Markus Reichstein epitomizes the spirit, vision, and creativity of Piers Sellers more than any of the up-and-coming and qualified scientists in the world. Markus’s research focuses on the interactions between the terrestrial biosphere and the climate system by studying the response of vegetation, soils, and whole ecosystems to climate variability from local to global scales. Like Piers Sellers, his vision includes combining data-driven and system-oriented process-driven approaches. Research being conducting by Reichstein and his group is fulfilling our community’s, and Piers’s, dream of producing a data system that views the breathing of the Earth “everywhere and all of the time.”
Reichstein and his group have accomplished this monumental task by merging direct measurements of carbon fluxes from the continuous, long-term, but sparse, network of flux towers in the FLUXNET network with the spatially explicit, but inferred and intermittent, information produced by a constellation of satellites sensing the surface and by gap-filling in time and space with neural network and regression tree machine learning tools. This has led to the first direct data-driven estimates of global photosynthesis and evapotranspiration. In addition, and very complementary, he has been successfully pushing forward the development of soil concepts and models from a “dead soil” to a “living soil” paradigm for biogeochemical dynamics, which acknowledges the interactions between soil organic matter, soil microbes, and the soil matrix together with transport processes and abiotic factors.
He has also been leading several international research activities, such as a data-driven climate ecosystem model comparison study called FLUXCOM; the European CarboExtreme project, which examined how ecosystems are responding to extreme climate conditions; and global community efforts such as Extreme Events and Environments—from climate to society within Future Earth. Throughout his career he has also offered open services and data products to the research community. So, still in his relatively young career, Markus has already been broadly stimulating the scientific global environmental community and numerous early-career scientists just as Piers Sellers did during his active time.
—Dennis Baldocchi, University of California, Berkeley
Receiving this Piers J. Sellers Global Environmental Change Mid-Career Award is truly humbling, because even from a distance, Piers Sellers has been a scientific idol during my graduate studies. It is even more humbling being the second awardee after Jim Randerson, who also continues to inspire a lot of my thinking about global environmental change (GEC) research. Dennis, thanks a lot for having considered me here.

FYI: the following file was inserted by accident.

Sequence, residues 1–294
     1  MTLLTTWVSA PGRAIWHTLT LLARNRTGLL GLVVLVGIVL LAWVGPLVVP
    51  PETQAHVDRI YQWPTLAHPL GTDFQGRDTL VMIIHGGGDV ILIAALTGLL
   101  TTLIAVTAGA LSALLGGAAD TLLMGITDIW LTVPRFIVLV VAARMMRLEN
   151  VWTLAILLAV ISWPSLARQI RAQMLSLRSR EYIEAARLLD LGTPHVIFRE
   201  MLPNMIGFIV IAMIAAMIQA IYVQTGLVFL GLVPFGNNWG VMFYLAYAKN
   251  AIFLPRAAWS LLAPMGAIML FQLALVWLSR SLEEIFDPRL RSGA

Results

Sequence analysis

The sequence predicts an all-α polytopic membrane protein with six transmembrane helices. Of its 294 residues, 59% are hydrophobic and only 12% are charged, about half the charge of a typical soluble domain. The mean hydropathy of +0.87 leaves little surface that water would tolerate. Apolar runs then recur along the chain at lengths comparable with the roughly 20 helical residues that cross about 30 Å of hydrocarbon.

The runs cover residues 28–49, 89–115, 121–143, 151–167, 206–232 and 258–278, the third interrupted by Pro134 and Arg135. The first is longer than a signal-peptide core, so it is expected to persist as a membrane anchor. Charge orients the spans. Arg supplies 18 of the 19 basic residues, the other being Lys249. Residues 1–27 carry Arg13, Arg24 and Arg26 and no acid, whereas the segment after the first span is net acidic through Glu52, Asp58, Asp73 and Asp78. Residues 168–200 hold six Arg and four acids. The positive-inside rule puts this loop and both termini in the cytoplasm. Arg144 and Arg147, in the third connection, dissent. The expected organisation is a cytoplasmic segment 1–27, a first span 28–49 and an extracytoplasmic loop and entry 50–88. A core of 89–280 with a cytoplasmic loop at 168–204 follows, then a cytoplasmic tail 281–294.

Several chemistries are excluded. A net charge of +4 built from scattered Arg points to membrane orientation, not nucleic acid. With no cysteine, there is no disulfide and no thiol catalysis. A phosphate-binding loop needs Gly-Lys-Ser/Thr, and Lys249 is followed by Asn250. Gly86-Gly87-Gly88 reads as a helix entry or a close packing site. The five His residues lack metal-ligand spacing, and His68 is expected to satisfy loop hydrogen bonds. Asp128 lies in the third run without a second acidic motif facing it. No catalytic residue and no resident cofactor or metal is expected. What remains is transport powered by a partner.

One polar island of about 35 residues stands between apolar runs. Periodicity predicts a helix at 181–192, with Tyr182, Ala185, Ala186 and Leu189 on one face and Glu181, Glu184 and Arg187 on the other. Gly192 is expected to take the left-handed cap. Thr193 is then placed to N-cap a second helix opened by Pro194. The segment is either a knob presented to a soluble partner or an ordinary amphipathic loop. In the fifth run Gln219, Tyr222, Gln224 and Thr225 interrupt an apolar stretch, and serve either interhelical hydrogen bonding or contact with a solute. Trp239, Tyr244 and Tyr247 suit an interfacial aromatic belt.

I would like to thank very much several mentors for being so crucial in my scientific development. It starts with Dr. Gabriele Broll, who during undergraduate studies and my diploma thesis taught me everything about soil and about scientific scrutiny, which I believe today is more important than ever. Then a truly inceptive experience has been the Hyytiälä Euroflux meeting in 1998, organized by Timo Vesala, where I had the chance to discuss my Ph.D. plans with Dennis Baldocchi, Riccardo Valentini, and my advisor John Tenhunen, who gave very complementary and inspiring perspectives on biosphere–atmosphere interactions. I vividly remember Dennis’s keynote lecture that so greatly transported the excitement about the richness of information contained in eddy covariance flux data. Then Steve Running, during my short-term research stay in Missoula in 2002 related to the NASA MODIS mission, “opened my eyes” to the global scale and the value of remote sensing for GEC science. Also, the informal and pure-science-driven attitude—maybe also typical for the AGU GEC community—has always made it a pleasure to interact. These stimulating interactions only became more intensive in almost regular follow-up visits in Baldocchi’s and Running’s labs in Berkeley and Missoula. In summary, I am grateful for all the support I have received by these individuals and AGU, in general, and hope I can pay back in many ways for the rapidly evolving GEC sciences.
—Markus Reichstein, Max-Planck Institute for Biogeochemistry, Jena, Germany